Abstract: Tajikistan ' s economy has recovered strongly after the collapse of the 1990s, but sustaining rapid economic growth over the long term and reducing poverty present major challenges for policymakers. This paper contributes to the debate over the strategic role for fiscal policy to play in meeting these challenges, utilizing the " fiscal space " approach to assess the long-term potential for expanding public provision of growth-promoting goods and services and evaluating the priorities for public spending. It also analyzes the long-term risks to fiscal sustainability, from external public debt and the quasi fiscal deficit of the electricity sector. The paper contends that institutional reforms in key areas, notably public financial management, tax administration, and the energy sector, are crucial for generating fiscal space and for ensuring that higher levels of public spending are translated into stronger economic growth and poverty reduction. The priorities for government spending should be education, health, and the maintenance of the core networks of the existing infrastructure for energy and transport, rather than new public investment projects.
    Keywords: Public Sector Expenditure Analysis & Management,Debt Markets,,Banks & Banking Reform,Access to Finance
    Date: 2008–02–01
  5. By: Lahiri, Sajal; Kebede, Ephraim; Ezemenari, Kene
    Abstract: The inflow of large quantities of foreign aid into Rwanda since 1994 can have potential adverse effects such as aid dependency via a significant negative effect on tax efforts and on public investments. This paper carries out a theoretical and empirical study to examine these issues. The theoretical part develops a model in which the recipient government decides on the optimal level of tax and optimally allocates total government revenue between current expenditure and public investment. The theoretical model makes it possible to empirically test whether an increase in aid is likely to reduce the optimal tax rate and the proportion of public expenditure allocated to public investment. The econometric analysis uses time series data on Rwanda to show, in line with other studies in the literature, a negative relationship between increased aid and the tax rate; but the magnitude of the effects are extremely small. In the case of Rwanda, reforms to the tax administration and expansion of the tax base have had mitigating effects. As far as the effect on public investment, the overall effect was negative in the past; however, since 1995 the direction of this effect has changed.
    Keywords: Debt Markets,Economic Theory & Research,Public Sector Economics & Finance,,Access to Finance
    Date: 2008–02–01
  6. By: Stuart Adam (Institute for Fiscal Studies); Glen Loutzenhiser
    Abstract: <p><p><p>Income Tax and National Insurance are now sufficiently similar that merging them appears to be a plausible option, yet still sufficiently different that integration raises significant difficulties. This paper surveys the potential benefits of integration - increased transparency and reduced administrative and compliance costs - and the potential obstacles, assessing the extent to which each of the differences between Income Tax and NICs - in particular the contributory principle, the levying of an employer charge and the differences in tax base - constitute serious barriers to integration. The paper concludes that few of the difficulties look individually prohibitive, but that trying too hard to avoid significant reform of the current policy framework could produce a merged tax so complicated as to nullify much or all of the benefits of integration.</p></p></p>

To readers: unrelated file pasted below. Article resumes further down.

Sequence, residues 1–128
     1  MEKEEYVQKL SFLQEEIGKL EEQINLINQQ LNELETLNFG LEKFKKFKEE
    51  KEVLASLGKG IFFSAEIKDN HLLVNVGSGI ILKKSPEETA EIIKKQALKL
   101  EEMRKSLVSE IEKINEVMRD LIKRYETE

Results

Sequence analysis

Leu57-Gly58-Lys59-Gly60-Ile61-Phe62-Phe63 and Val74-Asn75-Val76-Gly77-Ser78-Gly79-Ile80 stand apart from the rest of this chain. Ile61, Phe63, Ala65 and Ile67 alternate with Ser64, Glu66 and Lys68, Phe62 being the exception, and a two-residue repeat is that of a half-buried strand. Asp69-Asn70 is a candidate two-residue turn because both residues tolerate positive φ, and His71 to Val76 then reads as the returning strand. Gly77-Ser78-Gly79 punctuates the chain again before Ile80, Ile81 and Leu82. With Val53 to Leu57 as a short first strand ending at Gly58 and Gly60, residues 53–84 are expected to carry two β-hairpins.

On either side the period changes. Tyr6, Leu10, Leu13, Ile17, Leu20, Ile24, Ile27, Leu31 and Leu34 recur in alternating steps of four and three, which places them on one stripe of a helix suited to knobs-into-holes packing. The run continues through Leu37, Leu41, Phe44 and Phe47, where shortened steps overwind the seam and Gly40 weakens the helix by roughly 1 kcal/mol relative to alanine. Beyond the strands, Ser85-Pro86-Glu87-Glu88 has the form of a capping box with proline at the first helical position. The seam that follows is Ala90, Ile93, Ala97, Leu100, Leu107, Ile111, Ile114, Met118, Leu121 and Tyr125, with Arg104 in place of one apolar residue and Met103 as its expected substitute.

Keywords: Taxation, social insurance, administration
    JEL: H24 H25 H83 K34
    Date: 2007–12
  7. By: Andrew Reeson (CSIRO Sustainable Ecosystems, Australia)
    Abstract: In economic terms, the environment is largely a public good. Contributing to a public good is costly to an individual, while the benefits are enjoyed by all. Despite this, many people voluntarily contribute to public goods, both in laboratory economic experiments and through day-to-day environmental decisions. These voluntary contributions are largely motivated intrinsically, that is satisfaction comes from the act itself rather than external rewards. Policy interventions are often required to increase the provision of public goods to the socially optimal level, which usually take the form of extrinsic incentives such as payments or regulations. Theoretical and empirical evidence from psychology and economics suggests that such extrinsic incentives can crowd out the intrinsic motivations which underlie voluntary contributions. As a result, a policy may have less than the anticipated impact. It is even possible for a costly policy intervention to lead to a decrease in overall public good provision, as individuals cease to contribute voluntarily. This paper argues that environmental policy design should proceed with caution in the presence of intrinsic motivations. Weak regulations and small, competitive financial incentives have the greatest potential for negative effects. Recognising and supporting existing efforts can crowd in, rather than crowd out, voluntary contributions. With careful design and implementation, there is the potential to maintain and support intrinsic motivations while also providing robust extrinsic incentives.